• How much do you have for a deposit? The higher your deposit amount, the more likely it is you will be offered a low rate of interest.
  • What do you think will happen to interest rates? At the time of writing, interest rates are very low. For those thinking about a fixed rate deal, fixing your mortgage for many years will mean that you could potentially miss out on paying historically low rates of interest on your mortgage. However, if you think they are likely to rise soon, then fixing will ensure that your payments will never rise.

Let’s Look at an Example;

Beverly is looking to buy her first home. She wants the security of a fixed rate mortgage and is now deciding if she wants to fix for two or five years. She has seen a five-year fixed rate mortgage deal, charged at 4.15% interest. She has also spotted a 2-year fixed rate deal for 3.5% interest. Beverly would like to keep her payments as low as possible, however, she is aware that the security of a 3.5% fixed interest rate will be short-lived. She goes for the five-year fixed rate deal, at a higher rate of interest. This will give her security for a longer, whilst still being very competitively priced.

What are the Pitfalls of a Fixed Rate Mortgage?

  • No Benefit from Interest Rate Falls – Those locked into a fixed rate mortgage pay the same amount in interest every month. Some mortgage types (such as capped or tracker mortgages) can charge cheaper rates on interest when the Bank of England base rate also lowers.
  • Early Exit Charges – Early redemption charges normally apply with this mortgage type. Should you want to switch mortgage deals, you may have to pay a hefty penalty to your lender. Then you must take into account the cost of arranging a new mortgage deal.
  • Fixed Rate Set Up Costs – The costs of taking out a fixed rate mortgages can be high, many will find themselves paying a premium for the security of a fixed interest rate.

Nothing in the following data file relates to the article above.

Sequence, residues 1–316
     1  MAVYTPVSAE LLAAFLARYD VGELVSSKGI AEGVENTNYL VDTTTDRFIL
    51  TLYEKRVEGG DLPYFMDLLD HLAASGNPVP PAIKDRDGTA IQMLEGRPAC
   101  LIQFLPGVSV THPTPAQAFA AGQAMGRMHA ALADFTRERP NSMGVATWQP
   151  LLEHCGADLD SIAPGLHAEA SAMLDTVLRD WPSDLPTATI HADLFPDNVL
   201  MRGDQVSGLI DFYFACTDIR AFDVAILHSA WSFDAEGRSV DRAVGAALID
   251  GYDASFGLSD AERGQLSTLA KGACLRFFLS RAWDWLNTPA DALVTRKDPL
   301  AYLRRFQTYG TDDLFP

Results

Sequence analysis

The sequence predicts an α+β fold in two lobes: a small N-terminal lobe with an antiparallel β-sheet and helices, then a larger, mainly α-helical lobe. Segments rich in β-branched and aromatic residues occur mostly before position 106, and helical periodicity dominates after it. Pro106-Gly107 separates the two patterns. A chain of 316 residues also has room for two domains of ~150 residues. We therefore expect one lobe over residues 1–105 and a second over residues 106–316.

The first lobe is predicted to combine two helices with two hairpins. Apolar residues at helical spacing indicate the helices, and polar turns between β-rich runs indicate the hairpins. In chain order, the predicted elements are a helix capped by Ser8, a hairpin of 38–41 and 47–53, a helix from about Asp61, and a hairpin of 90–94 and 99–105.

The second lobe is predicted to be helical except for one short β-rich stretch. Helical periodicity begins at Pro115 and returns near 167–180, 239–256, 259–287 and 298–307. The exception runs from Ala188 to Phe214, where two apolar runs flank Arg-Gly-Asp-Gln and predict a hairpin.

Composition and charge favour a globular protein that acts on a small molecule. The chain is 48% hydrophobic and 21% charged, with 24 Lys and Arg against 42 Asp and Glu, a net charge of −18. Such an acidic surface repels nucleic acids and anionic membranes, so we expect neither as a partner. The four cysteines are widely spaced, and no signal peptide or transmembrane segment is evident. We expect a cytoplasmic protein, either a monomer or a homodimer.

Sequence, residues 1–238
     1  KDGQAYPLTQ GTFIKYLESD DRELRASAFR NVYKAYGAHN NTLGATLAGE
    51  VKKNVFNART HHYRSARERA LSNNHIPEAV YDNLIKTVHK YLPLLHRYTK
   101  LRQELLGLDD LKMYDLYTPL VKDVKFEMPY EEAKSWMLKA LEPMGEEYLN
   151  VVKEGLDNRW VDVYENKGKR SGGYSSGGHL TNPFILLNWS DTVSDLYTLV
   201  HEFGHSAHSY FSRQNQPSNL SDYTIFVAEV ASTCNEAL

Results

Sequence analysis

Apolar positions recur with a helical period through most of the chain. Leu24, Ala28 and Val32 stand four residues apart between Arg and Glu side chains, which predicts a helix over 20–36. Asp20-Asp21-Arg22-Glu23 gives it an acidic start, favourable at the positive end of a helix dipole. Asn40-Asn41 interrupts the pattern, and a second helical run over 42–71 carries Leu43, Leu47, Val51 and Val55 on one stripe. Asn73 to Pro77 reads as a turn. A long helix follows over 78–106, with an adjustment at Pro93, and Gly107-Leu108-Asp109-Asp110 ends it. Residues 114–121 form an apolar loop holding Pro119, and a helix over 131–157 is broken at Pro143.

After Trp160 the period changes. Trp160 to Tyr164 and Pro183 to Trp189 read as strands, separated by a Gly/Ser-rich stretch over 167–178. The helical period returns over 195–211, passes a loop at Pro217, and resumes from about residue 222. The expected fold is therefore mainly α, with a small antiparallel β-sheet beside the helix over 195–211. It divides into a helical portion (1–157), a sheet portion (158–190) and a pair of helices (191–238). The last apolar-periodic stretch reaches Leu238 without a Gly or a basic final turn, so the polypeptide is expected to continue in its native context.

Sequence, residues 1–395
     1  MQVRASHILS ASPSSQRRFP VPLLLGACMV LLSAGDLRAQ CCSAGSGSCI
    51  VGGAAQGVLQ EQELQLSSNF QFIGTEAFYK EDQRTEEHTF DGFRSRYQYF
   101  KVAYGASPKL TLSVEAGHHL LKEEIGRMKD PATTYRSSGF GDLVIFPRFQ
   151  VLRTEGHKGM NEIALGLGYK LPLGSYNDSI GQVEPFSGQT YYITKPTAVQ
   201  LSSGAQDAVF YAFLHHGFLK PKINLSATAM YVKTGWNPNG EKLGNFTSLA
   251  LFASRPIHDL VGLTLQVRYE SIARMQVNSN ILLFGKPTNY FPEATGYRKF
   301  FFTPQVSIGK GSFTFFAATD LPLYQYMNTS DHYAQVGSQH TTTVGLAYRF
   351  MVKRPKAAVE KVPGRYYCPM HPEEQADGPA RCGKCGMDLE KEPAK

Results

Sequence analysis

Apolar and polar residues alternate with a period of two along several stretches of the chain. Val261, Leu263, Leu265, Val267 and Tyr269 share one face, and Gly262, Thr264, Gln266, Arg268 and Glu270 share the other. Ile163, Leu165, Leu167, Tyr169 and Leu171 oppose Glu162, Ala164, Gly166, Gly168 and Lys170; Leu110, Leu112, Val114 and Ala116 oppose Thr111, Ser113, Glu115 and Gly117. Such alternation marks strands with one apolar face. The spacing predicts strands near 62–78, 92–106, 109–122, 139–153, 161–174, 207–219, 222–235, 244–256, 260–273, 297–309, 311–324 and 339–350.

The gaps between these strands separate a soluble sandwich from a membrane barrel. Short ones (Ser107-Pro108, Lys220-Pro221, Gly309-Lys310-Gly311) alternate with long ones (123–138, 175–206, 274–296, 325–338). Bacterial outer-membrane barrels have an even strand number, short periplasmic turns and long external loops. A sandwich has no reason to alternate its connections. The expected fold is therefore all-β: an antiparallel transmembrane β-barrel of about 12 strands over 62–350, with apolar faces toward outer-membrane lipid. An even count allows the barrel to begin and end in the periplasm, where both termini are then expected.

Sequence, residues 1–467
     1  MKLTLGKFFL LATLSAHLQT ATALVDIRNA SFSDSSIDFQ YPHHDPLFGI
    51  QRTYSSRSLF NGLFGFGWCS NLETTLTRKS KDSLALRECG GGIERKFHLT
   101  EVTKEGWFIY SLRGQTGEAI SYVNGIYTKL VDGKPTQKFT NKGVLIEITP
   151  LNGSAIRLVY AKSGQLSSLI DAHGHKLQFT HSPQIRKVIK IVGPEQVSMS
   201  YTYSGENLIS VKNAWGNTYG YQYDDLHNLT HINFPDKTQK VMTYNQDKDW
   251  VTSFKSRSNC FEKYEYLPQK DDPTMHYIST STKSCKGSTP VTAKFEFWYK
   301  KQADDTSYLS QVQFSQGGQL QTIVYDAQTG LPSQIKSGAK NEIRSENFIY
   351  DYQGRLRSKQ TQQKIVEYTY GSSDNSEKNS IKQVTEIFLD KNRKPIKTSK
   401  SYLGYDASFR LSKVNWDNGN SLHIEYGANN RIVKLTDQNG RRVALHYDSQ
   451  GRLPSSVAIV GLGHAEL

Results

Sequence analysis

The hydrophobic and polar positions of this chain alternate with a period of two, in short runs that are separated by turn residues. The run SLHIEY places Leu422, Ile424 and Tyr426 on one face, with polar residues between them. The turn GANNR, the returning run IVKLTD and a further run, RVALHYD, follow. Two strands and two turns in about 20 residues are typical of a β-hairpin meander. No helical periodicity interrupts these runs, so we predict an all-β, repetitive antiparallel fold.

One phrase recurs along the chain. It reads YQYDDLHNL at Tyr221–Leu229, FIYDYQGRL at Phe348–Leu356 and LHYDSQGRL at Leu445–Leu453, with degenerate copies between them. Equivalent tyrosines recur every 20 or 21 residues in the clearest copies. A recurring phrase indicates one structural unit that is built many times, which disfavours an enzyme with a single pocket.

• Auto-Switch – When your incentive period ends, your lender may switch your interest rate to their standard variable rate, which may be higher than what you are used to paying every month. Check the date the fixed period ends in your mortgage contract. Be sure that you have lined up another option, or are happy to pay the SVR rate until you do find a new deal, or your bank balance may be in for a nasty shock.

What are the Alternatives to Fixed Rate Mortgages?

  • Capped Mortgages – These mortgages move alongside the Bank of England base interest rate; however, they impose an upper limit (or ‘cap’) on the amount of interest the mortgage holder can be charged. This means you can benefit from making lower interest rate payments at times, whilst still maintaining security in your mortgage payments.
  • Tracker Mortgages – These mortgages charge interest at a price that is closely aligned to the Bank of England base rate. These are a good option for those looking to pay less interest in times when interest rates are falling. However, this mortgage type should only be taken if you can afford to pay more for your mortgage, should the base interest rate rise.

If you are asking yourself, ‘should I fix my mortgage?’  Experts are on-hand to offer you a free, no-obligation quotes and advice. Get in touch with an independent mortgage broker now.

Compare deals from the UK's leading lenders including